Types of Wheels for your car: let’s talk the same language.

Types of wheels for your car? There are many.


Types of wheels? Believe it or not, we get asked that question many times. In fact, this question prompted us to post the answer in our blog to help you determine what type of wheels your vehicle has.

There are three main types of wheels available to every vehicle that rolls out of the assembly line. These vary according to their prime manufacturing material. Until a few years ago, Steel Wheels were the most common type, since they are very tough. In the last 25 or 30 years, Aluminum Alloy Wheels became very popular for a market anxious for more options. A relatively small and select market segment prefers upscale Forged Wheels, these are usually owners of high-end vehicles. Below you will find a more in-depth explanation.


Steel wheels

Steel Wheels

Yes, they used to be grandpa’s favorite type of car wheels, but they are much more than that. Steels are hardy, heavy and very tough, excellent to work with. Base car and truck models come with steel wheels and a plastic snap-on wheel cap for aesthetics. But there are some markets for the upscale steel wheel, in fact, some very stylish fans of low riders, customized and classic car communities prefer them. Finally, these may be some great American classics, either plated or stainless steel. But if you are looking for regular steel wheels, we recommend you look for some locally. Steels are very heavy and shipping charges will surely be more than the cost of the wheel itself.


Alloy Wheels

Aluminum Alloy wheels are today’s mainstay of the wheel industry. Most of these wheels were made from a cast that has been pre-approved by the car manufacturer. Because they are fairly inexpensive to produce, they came in all kinds of sizes and finishes. Our shop technicians regard them as a blank canvas, where given the opportunity, you can get very creative. Over 90% of all cars in our roads today roll on alloy wheels. On reflection, this is also true for our Wheel Store.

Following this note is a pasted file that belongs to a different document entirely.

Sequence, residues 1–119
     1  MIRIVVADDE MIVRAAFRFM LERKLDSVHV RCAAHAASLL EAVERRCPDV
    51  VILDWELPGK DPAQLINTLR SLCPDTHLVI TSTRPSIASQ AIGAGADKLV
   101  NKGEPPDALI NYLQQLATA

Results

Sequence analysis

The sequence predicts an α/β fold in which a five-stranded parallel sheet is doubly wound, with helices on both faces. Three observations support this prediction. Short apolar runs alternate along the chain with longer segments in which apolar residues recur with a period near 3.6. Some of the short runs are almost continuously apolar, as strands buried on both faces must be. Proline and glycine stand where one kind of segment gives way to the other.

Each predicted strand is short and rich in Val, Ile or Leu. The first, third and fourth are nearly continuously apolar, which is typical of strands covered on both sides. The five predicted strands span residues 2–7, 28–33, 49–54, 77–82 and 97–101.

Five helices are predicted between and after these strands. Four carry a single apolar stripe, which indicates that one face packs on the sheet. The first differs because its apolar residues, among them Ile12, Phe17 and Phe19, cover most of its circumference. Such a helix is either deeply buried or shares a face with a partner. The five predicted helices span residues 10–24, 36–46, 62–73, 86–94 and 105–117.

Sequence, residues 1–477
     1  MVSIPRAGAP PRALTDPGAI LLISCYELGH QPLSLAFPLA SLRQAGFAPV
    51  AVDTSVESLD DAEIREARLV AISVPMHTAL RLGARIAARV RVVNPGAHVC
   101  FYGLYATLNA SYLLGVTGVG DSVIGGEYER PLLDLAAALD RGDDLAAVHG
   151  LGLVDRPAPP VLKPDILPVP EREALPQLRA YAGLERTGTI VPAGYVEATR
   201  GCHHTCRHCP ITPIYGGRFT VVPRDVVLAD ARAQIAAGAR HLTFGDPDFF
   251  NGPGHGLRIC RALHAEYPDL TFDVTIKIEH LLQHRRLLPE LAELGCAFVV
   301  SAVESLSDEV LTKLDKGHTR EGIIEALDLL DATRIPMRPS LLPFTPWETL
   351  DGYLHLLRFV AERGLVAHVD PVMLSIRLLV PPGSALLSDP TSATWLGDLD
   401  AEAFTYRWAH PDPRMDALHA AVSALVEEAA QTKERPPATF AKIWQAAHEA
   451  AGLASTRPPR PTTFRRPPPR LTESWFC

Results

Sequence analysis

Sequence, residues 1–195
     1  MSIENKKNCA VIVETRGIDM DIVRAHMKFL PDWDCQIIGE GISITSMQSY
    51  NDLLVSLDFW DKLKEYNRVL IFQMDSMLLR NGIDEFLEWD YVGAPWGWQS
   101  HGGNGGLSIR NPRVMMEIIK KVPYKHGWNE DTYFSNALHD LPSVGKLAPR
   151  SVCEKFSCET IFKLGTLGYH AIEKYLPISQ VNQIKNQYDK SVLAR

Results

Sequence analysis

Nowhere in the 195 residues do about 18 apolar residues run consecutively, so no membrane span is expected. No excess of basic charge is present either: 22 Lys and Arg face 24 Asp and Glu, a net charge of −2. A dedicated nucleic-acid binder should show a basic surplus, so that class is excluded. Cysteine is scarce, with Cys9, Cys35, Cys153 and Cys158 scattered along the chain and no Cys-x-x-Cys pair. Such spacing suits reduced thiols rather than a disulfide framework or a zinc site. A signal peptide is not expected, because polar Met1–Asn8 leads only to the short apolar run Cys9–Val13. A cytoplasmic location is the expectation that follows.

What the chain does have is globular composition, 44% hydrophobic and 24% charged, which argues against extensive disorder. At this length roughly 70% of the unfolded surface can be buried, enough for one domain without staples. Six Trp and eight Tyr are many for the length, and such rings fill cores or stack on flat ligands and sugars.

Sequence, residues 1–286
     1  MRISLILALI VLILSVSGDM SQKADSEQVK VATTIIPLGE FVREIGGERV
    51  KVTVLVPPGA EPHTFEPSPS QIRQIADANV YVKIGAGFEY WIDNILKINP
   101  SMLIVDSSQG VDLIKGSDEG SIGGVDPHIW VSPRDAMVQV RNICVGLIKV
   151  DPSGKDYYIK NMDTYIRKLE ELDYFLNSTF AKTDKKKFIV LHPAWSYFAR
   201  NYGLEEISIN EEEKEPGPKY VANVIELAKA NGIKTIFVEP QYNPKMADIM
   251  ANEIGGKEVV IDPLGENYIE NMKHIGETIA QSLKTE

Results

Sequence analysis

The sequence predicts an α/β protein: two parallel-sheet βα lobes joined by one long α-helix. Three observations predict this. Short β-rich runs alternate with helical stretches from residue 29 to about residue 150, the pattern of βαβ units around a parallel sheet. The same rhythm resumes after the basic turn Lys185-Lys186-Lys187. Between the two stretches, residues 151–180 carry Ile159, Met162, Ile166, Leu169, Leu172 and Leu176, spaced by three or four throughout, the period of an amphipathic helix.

There are three important basic categories for alloys, according to their origin: wheels that come with the vehicle (OEM Wheels), wheels made as replicas of the later (OE Replicas) and wheels designed and manufactured by third parties (Custom). Allow me to explain their differences in the following paragraphs:


types of factory oem wheels

Factory OEM Wheels

These wheels are designed and made by manufacturers approved by the vehicle brand, on their behalf. These are the wheel that most likely came with your brand-new vehicle. Because they were made for your vehicle brand and model, they are a perfect fit. Furthermore, car dealers may offer you to upgrade your wheels when you are about to purchase. That is because most medium range vehicles have made a selection of popular sizes and finished for your car model. I can think of a BMW 3 series vehicle with 14 different styles of wheels that come in 5 different sizes and 4 finished that range from silver paint to chrome.

How do you know if your wheels are OEM? It’s easy, just check the manufacturing seals on the reverse (inside) of the wheel. You should see stamps referring to the wheel size, offset and brand stamps.